Celebrated every year on the 10th of December, Human Rights Day commemorates the United Nations General Assembly adoption of the Universal Declaration of Human Rights (UDHR) back in 1948. Society has made substantial progress since that time, especially over the last nine years that the UN Guiding Principles on Business and Human Rights have been used. But there’s still a long way to go. ISO is committed to a society where the importance of human rights is fully recognized, and we’re helping others to play their part through International Standards that directly contribute to human rights as well as realizing the Sustainable Development Goals (SDGs).
This year, COVID-19 has challenged the way that we think and operate as a global society. The pandemic has shown up both inherent weaknesses in the way that we do things and identified new areas where we’ll need to focus in future. The UN, who organizes the international day of recognition, is unambiguous about the scale of the challenges ahead:
We will reach our common global goals only if we are able to create equal opportunities for all, address the failures exposed and exploited by COVID-19, and apply human rights standards to tackle entrenched, systematic and intergenerational inequalities, exclusion and discrimination.
There’s little doubt that many businesses and individuals will struggle to re-establish themselves after the COVID-19 crisis. As 2020 draws to a close, a potential COVID vaccine is bringing cautious optimism. But the disease is far from over and the full force of COVID’s economic impact is yet to be realized. In many cases, the crisis has served to highlight existing weaknesses in systems, institutions and organizations, testing them to, and often beyond, their limits.
human rights and Sustainable Development
As people, business leaders and governments assess the scale of the damage, those with vision are asking themselves “how can we do this better?” The UN’s aim is that in looking at ways to build back better, human rights will be given a central place. As leaders everywhere address a massive and unexpected problem, it’s time to look at the fundamentals, and the UN is clear about the way in which that task should be undertaken: end discrimination of any kind; address inequalities; encourage participation and solidarity; promote sustainable development. In many of these areas, there’s a clear support role for International Standards.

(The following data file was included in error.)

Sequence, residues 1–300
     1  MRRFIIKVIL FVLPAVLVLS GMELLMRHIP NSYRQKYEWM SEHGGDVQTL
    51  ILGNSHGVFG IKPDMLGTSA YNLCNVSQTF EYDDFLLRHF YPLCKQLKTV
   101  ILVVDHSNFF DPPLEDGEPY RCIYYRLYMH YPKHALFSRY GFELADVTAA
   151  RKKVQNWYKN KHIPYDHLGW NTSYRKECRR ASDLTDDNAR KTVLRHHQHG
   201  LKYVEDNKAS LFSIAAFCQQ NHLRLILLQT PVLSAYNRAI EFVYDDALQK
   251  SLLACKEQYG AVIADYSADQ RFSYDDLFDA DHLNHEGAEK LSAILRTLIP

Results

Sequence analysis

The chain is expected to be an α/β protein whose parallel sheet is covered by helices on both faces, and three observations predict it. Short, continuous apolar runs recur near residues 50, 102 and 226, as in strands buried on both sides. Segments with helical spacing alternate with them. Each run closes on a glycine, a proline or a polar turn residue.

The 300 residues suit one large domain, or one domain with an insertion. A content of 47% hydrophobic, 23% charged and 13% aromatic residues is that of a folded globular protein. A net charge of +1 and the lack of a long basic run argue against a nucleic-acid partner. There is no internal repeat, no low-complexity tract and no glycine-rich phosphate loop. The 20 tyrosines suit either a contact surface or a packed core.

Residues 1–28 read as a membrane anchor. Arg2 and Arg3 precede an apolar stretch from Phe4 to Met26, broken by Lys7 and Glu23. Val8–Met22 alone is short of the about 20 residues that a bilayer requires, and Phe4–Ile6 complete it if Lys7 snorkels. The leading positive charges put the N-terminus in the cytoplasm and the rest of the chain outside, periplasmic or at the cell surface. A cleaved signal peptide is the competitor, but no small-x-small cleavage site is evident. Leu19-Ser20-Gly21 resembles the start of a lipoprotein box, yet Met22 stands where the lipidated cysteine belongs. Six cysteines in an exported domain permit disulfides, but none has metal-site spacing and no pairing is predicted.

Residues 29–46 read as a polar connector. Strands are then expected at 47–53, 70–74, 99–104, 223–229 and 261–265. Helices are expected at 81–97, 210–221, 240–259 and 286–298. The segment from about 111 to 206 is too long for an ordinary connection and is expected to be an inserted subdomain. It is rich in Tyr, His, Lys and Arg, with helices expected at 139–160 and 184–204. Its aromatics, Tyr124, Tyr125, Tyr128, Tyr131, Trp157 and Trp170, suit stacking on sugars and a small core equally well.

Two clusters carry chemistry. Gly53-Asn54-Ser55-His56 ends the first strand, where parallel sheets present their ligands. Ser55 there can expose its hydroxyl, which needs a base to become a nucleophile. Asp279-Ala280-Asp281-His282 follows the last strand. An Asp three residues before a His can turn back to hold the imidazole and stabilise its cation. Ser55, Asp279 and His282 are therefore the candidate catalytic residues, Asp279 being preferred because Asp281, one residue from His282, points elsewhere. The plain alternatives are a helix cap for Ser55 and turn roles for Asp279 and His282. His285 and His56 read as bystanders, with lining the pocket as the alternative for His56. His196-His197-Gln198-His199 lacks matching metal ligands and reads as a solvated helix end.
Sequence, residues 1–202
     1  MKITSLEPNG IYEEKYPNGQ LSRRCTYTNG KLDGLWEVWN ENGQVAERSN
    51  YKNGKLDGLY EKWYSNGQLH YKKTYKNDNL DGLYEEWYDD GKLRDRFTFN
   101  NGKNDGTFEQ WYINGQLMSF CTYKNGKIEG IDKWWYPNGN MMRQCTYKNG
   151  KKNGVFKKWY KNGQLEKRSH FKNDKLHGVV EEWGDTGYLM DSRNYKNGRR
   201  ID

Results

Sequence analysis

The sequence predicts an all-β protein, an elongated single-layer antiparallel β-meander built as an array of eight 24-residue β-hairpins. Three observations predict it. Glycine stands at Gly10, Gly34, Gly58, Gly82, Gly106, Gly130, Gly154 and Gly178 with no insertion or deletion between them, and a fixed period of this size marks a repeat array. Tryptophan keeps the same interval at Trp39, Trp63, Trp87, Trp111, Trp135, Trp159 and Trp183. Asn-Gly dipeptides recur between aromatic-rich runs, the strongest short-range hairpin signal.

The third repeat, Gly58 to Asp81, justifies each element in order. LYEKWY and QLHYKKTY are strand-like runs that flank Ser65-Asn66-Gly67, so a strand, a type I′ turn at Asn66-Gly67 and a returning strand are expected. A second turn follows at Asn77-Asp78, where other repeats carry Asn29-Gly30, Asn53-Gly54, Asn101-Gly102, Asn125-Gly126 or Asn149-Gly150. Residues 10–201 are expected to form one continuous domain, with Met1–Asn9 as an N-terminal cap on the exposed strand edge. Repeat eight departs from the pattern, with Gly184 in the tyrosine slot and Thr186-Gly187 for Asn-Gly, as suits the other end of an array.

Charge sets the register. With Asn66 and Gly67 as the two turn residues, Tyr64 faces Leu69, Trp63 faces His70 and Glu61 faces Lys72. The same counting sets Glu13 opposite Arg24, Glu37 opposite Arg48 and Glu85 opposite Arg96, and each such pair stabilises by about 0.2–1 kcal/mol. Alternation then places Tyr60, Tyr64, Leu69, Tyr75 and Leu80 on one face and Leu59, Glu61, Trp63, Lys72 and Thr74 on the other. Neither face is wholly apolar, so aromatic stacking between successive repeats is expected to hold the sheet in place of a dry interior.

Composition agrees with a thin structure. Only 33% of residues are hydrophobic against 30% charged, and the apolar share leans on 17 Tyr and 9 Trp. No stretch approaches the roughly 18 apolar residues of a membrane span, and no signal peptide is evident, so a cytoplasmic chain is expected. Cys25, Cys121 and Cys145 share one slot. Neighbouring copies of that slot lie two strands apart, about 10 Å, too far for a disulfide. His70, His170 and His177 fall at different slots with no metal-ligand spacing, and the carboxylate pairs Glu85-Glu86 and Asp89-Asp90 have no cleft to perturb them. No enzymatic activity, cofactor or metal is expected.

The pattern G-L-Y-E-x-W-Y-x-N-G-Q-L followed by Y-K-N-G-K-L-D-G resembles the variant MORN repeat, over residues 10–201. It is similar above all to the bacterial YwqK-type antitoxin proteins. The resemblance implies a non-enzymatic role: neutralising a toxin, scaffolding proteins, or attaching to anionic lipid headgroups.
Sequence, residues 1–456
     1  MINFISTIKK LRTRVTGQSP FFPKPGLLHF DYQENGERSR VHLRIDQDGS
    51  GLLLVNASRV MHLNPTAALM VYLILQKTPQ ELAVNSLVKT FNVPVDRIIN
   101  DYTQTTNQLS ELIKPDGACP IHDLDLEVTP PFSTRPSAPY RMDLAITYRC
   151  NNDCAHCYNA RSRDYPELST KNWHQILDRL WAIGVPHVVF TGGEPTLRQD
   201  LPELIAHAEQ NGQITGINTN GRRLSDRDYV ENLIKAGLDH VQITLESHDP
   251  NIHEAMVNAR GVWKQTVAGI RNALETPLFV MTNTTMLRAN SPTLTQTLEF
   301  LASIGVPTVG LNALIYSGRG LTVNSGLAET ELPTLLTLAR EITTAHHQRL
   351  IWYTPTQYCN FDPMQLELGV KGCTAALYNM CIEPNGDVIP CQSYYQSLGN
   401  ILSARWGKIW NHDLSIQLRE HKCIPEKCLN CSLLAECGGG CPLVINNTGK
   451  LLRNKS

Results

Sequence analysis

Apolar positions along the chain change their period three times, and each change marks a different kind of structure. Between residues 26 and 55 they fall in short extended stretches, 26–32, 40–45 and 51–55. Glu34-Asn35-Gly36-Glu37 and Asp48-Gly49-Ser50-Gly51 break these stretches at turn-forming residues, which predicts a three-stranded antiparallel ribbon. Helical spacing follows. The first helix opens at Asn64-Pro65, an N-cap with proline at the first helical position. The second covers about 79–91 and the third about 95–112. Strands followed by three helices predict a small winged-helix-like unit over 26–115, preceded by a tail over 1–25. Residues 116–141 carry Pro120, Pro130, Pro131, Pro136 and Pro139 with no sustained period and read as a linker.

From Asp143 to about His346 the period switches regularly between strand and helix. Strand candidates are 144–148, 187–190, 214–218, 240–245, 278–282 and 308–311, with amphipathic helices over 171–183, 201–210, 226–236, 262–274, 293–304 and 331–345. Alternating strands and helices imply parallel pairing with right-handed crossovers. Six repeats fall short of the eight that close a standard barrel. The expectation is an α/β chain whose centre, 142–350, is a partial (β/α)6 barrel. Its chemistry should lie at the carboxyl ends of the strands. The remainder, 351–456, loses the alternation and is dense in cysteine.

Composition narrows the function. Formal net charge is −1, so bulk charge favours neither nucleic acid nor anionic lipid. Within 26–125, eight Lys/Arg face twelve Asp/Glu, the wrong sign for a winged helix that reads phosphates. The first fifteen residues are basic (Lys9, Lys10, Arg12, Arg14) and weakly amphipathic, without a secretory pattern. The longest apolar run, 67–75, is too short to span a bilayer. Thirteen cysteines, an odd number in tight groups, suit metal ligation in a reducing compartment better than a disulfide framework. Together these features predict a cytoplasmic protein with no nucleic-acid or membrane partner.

The SDGs are built around recognition of human rights, recognizing that sustainable development is only possible with human dignity at its core. In this way, human rights are driven by progress on all SDGs, and the SDGs themselves are driven by advancements on human rights. By supporting ISO members to maximize the benefits of international standardization and ensure the uptake of ISO standards, we’re helping to meet the United Nations Sustainable Development Goals.
Environmental, social and economic dimensions are all directly addressed by ISO standards. Organizations and companies looking to contribute to the SDGs will find that International Standards provide effective tools to help them rise to the challenge. For each Goal, ISO has identified the standards that make the most significant contribution. With ISO standards covering almost every subject imaginable, from technical solutions to systems that organize processes and procedures, there are numerous ISO standards that correspond to each of the SDGs.
10 years of human rights at the core of social responsibility
ISO 26000, the International Standard for social responsibility, is one of the most widely used and recognized ISO standards. 2020 marks ten years since its first publication. Since that time, it’s been helping to integrate the UN Guiding Principles on Business and Human Rights by providing guidance to those who want to contribute more to sustainable development. Over the last decade, ISO 26000 has established itself as more than just the “right thing” to do. The ground-breaking ISO standard is increasingly seen as a way of assessing an organization’s commitment to sustainable development, including human rights, at the same time as improving its overall performance. Importantly, human rights are highlighted both as a principle and a core subject of ISO 26000, which helps identify human rights risks situations, and gives guidance on due diligence and grievance resolution.
The standard was launched in 2010 following five years of focussed negotiation between many different stakeholders across the world. More than five hundred experts, including representatives from government, NGOs, industry, consumer groups and labour organizations around the world were involved in its development, which means it represents an international consensus. Both Dante Pesce, Vice-Chair of the UN Working Group on Business and Human Rights, and Staffan Söderberg, Vice-Chair of the ISO working group that developed ISO 26000, point out that the standard has helped many understand that human rights are key to any business or organization that wants to contribute to sustainable development.
Since publication ten years ago the standard has been adopted by more than 80 countries, most of which are developing countries, and we see how it has inspired public policy and businesses in Indonesia, Chile, India, China, Japan, the United Kingdom, Korea, the European Union among others.